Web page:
I adore olives. So much so that I’ve planted three trees – Arbequina, Leccino, and a new cultivar called Universal out of the breeding program in Yalta, acquired via One Green World.
Side note: you know how OSU does research programs on various genera to test things like cold hardiness and drought tolerance? Well, they’re about to embark on some trials of olives which I hope will be enlightening and will help to further the industry here. Check out this interesting article in Olive Oil Times from May of 2019. And here’s a link to the Olea Project!
Ok now back to the business at hand. Portland is a reasonably decent climate for olives; there will be variation from year to year but for the last three years, I have managed to successfully cure olives harvested here in the Rose City.
Thanks to this guide from Nichols Garden Nursery, I have a method which I will detail for you in this post.
Step 1: Harvest
In the Northwest anyway, olives are ready for harvest around November. They can, and sometimes do, stay on the trees for longer, but you’ll be battling bird predation (starlings, mostly) as well as the elements, and you want to get them nice and fresh.
Last year I went down to Arizona and visited Queen Creek Olive Mill, where I took the “Olive 101” educational tour and learned quite a lot about how olives are harvested and what difference it makes if they are green vs purple vs black. Basically, it comes down to flavor in oil production, but for our purposes, with salt brining, you can mix them all together regardless of what color they are at harvest and they will all be lovely.
So, pick your olives before the starlings get them and before they fall off the tree.
Step 2: Water Bath ~ 10 days
Ultimately with salt brining, you’re immersing olives in salted water. But before we do that, we need to soak them in plain water for several days to soften them and reduce their inherent bitterness.
Wash your harvested olives well, and then put them in plain tap water in a suitable container. You will need to change this water (and rinse them) daily for a few to several days. Nichols Garden Nursery’s document linked above says that this should be a 10-day process; I can tell you from my own experience that sometimes, you need fewer days.
What you’re after is for the olives to achieve a softness and a slight darkening in color over the course of their water bath. You’re leaching bitterness, basically. Some factors might contribute to a lessening of the number of days: if the olives are wrinkled from summer/fall drought when you harvest them, they’ll need about half the number of days (so, like 5 instead of 10). If they are harvested later in the season, I’d say that the weather and elements will help with the process of leaching, so if you harvest in late December, figure on a few days less. If you harvest in January, or even February, or later still, cut back the number of days by 2-3 days per month. If you harvest really late, like, April or May, you may not need to leach at all! You gotta play this part by ear a little bit. Or rather, by feel. You’re looking for a softening of the fruit and a color change from bright green to a dull “olive” green.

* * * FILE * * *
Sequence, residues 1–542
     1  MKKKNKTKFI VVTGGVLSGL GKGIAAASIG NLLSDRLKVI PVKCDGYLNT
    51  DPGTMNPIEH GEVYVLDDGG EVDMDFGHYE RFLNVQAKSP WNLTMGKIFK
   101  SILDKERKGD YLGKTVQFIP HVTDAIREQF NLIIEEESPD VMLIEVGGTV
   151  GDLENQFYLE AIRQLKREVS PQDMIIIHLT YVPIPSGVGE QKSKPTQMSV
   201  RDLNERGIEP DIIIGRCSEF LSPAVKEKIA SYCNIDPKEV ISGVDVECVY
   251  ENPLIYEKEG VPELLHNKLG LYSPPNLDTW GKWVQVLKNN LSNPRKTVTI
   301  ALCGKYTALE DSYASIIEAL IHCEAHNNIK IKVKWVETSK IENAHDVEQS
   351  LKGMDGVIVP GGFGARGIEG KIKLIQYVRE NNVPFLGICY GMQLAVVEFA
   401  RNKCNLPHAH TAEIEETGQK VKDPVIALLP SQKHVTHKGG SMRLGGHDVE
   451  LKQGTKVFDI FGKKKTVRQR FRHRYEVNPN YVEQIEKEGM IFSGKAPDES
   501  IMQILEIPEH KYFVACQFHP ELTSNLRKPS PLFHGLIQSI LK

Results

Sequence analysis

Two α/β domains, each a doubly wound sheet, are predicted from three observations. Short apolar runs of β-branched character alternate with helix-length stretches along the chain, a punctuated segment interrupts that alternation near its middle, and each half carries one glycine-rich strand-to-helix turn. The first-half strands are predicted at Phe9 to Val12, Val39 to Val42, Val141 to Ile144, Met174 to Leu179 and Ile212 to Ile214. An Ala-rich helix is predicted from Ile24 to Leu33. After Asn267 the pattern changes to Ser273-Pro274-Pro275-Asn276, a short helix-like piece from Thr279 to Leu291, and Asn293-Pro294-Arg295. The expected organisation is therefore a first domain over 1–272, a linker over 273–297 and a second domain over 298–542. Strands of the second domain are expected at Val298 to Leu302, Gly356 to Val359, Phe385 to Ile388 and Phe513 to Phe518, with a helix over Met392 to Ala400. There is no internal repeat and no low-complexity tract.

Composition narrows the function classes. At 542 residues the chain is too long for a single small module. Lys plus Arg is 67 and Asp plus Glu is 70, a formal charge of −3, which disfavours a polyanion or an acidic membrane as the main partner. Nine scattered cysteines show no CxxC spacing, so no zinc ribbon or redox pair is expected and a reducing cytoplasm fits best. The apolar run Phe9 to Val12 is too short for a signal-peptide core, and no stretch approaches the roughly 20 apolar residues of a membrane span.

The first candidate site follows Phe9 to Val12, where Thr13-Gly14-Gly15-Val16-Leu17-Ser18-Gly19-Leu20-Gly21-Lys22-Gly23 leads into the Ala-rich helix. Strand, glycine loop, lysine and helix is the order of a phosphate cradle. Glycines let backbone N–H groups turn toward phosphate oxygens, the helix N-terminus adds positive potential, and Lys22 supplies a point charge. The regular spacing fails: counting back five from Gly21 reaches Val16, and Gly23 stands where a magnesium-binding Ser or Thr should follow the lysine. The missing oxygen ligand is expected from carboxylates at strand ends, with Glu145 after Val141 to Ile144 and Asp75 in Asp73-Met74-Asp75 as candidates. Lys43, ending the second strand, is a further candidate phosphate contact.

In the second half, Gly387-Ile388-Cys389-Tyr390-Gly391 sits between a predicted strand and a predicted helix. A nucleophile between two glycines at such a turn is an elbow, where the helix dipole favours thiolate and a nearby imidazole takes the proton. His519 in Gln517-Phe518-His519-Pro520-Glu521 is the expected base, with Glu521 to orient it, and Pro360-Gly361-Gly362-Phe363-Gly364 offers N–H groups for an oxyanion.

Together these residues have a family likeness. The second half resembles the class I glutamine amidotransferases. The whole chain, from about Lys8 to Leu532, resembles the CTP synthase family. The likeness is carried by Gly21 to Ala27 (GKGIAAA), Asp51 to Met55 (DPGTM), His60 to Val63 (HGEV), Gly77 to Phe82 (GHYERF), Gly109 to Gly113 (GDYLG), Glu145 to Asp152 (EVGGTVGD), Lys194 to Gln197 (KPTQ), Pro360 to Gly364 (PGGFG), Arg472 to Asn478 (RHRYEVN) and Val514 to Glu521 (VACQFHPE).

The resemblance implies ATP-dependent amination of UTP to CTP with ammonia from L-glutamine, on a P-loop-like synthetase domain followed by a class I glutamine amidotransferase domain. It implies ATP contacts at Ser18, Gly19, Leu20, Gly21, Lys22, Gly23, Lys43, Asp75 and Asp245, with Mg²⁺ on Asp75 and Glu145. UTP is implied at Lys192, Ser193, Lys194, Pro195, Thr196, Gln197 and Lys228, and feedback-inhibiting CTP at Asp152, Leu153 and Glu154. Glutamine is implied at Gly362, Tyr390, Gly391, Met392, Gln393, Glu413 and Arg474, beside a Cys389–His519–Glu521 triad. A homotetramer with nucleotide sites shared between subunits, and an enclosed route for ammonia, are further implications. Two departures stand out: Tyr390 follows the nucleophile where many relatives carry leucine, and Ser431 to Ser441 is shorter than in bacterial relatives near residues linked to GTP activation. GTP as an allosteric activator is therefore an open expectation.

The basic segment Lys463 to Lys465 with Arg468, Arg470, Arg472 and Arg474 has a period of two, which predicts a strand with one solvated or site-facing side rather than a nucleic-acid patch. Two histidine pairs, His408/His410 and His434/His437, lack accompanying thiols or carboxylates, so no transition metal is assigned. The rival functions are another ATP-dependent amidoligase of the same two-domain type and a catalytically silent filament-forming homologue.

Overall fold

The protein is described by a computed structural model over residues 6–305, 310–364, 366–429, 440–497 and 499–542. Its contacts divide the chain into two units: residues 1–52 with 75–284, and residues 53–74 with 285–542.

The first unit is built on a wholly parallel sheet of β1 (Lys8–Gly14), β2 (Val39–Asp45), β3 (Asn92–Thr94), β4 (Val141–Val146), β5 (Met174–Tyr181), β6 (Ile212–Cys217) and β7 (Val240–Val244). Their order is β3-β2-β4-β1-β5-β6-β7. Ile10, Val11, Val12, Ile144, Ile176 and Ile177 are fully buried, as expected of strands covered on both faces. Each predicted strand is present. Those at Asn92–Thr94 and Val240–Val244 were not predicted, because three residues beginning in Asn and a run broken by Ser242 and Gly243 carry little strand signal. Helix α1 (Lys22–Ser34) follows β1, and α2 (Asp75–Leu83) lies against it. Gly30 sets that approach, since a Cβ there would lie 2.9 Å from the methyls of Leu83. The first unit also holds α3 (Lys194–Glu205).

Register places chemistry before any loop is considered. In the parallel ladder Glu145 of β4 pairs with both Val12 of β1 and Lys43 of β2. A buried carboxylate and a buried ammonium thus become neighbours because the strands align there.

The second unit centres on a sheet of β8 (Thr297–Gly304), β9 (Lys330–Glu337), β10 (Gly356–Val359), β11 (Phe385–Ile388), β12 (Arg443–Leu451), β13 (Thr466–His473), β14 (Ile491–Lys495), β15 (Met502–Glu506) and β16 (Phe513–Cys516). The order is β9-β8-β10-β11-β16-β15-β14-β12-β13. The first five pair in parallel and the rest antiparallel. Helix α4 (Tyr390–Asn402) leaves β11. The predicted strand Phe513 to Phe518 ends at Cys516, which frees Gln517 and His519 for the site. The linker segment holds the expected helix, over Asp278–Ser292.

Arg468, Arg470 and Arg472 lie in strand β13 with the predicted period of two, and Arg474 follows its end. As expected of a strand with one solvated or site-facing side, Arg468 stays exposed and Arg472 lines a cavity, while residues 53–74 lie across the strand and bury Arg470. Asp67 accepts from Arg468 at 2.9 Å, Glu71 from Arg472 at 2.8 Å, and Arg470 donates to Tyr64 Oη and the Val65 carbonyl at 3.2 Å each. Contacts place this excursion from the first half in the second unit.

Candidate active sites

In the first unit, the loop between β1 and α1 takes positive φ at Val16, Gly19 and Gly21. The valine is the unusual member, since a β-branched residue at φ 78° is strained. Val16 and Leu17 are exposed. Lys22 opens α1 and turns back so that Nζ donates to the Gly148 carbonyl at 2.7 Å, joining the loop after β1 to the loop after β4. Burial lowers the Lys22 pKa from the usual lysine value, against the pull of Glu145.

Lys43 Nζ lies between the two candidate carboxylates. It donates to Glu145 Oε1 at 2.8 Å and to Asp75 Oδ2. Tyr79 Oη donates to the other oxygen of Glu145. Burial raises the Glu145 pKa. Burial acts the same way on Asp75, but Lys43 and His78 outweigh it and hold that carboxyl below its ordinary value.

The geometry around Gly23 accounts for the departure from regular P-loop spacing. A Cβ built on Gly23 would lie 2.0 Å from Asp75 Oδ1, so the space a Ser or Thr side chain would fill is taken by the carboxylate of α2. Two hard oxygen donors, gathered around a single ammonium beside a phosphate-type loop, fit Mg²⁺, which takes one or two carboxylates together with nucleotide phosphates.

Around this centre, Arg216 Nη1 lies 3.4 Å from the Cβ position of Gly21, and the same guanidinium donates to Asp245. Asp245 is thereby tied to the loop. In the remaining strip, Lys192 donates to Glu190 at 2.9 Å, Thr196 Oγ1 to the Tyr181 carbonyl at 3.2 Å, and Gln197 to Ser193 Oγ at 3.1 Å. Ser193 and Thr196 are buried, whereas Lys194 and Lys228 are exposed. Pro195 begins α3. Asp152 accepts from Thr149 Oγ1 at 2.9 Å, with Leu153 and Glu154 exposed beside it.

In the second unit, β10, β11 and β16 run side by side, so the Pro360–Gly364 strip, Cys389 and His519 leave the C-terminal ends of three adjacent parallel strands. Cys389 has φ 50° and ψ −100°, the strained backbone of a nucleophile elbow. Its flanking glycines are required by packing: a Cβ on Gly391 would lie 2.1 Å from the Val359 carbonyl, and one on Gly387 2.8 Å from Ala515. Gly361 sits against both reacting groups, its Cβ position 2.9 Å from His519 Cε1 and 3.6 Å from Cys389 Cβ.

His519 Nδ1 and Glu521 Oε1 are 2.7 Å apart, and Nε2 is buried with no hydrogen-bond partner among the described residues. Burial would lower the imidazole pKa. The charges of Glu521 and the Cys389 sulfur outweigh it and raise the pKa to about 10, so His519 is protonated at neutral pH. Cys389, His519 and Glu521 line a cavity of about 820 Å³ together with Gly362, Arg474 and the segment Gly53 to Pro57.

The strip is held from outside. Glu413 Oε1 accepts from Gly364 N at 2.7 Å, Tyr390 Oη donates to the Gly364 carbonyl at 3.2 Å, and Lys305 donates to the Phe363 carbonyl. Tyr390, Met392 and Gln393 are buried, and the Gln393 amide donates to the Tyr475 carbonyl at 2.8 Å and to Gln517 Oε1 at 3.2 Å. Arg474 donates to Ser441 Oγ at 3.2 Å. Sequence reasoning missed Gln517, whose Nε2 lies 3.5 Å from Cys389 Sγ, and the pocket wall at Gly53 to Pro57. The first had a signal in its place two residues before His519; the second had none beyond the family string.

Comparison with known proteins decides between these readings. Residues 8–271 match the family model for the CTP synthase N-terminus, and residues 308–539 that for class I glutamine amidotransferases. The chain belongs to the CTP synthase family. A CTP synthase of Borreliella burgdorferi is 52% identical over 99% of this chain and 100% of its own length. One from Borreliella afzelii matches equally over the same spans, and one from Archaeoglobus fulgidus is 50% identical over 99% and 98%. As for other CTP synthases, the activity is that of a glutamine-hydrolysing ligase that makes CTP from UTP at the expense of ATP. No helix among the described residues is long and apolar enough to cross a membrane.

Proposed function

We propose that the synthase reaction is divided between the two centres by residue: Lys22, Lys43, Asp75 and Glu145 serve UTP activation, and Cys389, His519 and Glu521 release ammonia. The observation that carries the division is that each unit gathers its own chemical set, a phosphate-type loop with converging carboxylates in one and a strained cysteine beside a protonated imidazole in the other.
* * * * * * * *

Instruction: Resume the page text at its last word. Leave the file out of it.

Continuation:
Here’s what they should look like after soaking in water for 24 hours:
So what I do when I rinse them each day is I clean out the sink and set up a big colander:
Then pour them into the colander:
Then rinse with water, and pour them back into the container I’m using to soak them, and refill with fresh tap water.
Step 3: Soak in Salt Water – 4 weeks
When the olives have soaked in the plain water enough, it’s time to transition to salt water. Look at the color difference between these, and the pics above – see how these are much more dull and the above pics the green ones are still really vibrant? Dull = ready for salt. You’ll feel this too – they get a little more soft.
The salt water solution is 1 cup salt (I use either kosher salt or canning/pickling salt; shoot for non-iodized salt) to 1 gallon water. Cold water should absorb that much salt easily.
Then when you put the olives into the salt water, some will float. Don’t worry.
Here’s a comparison shot of what this new batch looks like, having just put them into salt water, vs last year’s cured olives that I still have a few of (in the bowl in front)
Ok now you’re going to change this salt water once weekly for 4 weeks. Does that mean three changes? Or 4 changes? Again, I want you to feel this out. I would say it’s 3 changes but you can do 4 if you want. It won’t hurt them, and it probably won’t make them overly salty.
What I do at this point is put a date on them, so I know when to change the salt water and when I should consider them done.
Step 4: Transfer to 1/2 strength brine and store
At the end of the 4 weeks of full-strength salt water, now you will put them into a half-strength saltwater solution. 1/2 cup salt to 1 gallon water. In this solution, you can store them on the shelf, or in the fridge if you prefer, I find it makes no difference.
The flavor will improve over time and in a few months, you may notice a mild but delightful smoky flavor from your brined olives. I have noticed this particularly with Arbequina but it has also happened over a longer period of time with Frantoio, which generally seems to have larger fruit. So it might be a variety thing, but I think it’s more likely that the larger fruit size makes it take longer for that delectable smoky flavor to develop.
Ok, that’s all for now! Ask me questions if you have em, in the comments.